Lynch described Brown driving away from police and across a yard to the side of his house as another shot was fired. His car left tracks in the mud as it accelerated, and police officers stood on the pavement “unloading their weapons,” Lynch said.
“There were so many shots that we found difficulty in counting the number of shots that his vehicle received,” the attorney said. “At some point there was a final shot, where it appeared that at that final shot Mr. Brown lost control.”
Attorneys for the Brown family said they will continue pushing authorities to release all video in the incident, which amounts to nearly two hours of footage. The family was shown less than 20 minutes of video. “We will move fairly quickly on that matter to go before the court to make our arguments to get the videos released,” attorney Harry Daniels said.
“We need justice for Andrew Brown Jr., and we’ll only get that through a fair and impartial investigation,” Crump said in a statement his firm tweeted on Monday. “The involved officers have close relationships with District Attorney Andrew Womble, making him unfit to lead the investigation into Andrew’s killing.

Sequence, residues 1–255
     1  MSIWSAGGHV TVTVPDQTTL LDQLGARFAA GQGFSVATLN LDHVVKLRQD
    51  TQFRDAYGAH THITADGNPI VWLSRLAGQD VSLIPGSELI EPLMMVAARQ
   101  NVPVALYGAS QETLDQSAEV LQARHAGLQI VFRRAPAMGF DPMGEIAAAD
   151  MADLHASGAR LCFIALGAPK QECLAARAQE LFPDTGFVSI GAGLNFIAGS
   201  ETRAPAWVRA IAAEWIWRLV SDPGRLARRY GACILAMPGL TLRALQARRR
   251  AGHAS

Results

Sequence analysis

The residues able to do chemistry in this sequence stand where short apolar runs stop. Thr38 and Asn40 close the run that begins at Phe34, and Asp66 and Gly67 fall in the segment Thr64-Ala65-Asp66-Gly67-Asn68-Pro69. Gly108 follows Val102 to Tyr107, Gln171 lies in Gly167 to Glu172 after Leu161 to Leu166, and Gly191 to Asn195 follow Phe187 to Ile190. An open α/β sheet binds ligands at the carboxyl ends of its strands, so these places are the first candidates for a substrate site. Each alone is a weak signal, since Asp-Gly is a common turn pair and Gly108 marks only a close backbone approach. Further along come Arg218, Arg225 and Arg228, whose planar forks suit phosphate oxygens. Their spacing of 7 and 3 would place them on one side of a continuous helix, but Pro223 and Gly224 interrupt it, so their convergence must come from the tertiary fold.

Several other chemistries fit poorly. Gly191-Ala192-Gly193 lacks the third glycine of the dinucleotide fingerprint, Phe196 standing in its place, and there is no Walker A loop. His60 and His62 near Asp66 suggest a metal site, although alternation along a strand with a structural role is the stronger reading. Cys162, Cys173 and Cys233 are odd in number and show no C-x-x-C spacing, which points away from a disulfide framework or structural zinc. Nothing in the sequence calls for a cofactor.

”While we have yet to review the bodycam footage despite a judge’s order, what we do know is crystal clear: Andrew Brown Jr., was shot five times by these officers as he was driving away. We will not stop until we get answers and justice for Andrew and his family, and that begins and ends with an impartial and transparent investigation.”
The North Carolina State Bureau of Investigation is leading the investigation into Brown’s death, and the FBI has launched a civil rights probe of its own in the shooting. It has become the subject of daily protests for justice in Elizabeth City.
Sellers called Womble’s involvement in the case a “miscarriage of justice” for Brown, his family, and residents of Elizabeth City. “Andrew was assassinated by these officers as he was driving away, posing little threat,” Sellers said. “As we still have yet to review the bodycam footage in this case, it’s clear that a transparent investigation is not at all guaranteed. We can’t leave anything in this case to chance – D.A. Womble must recuse himself.”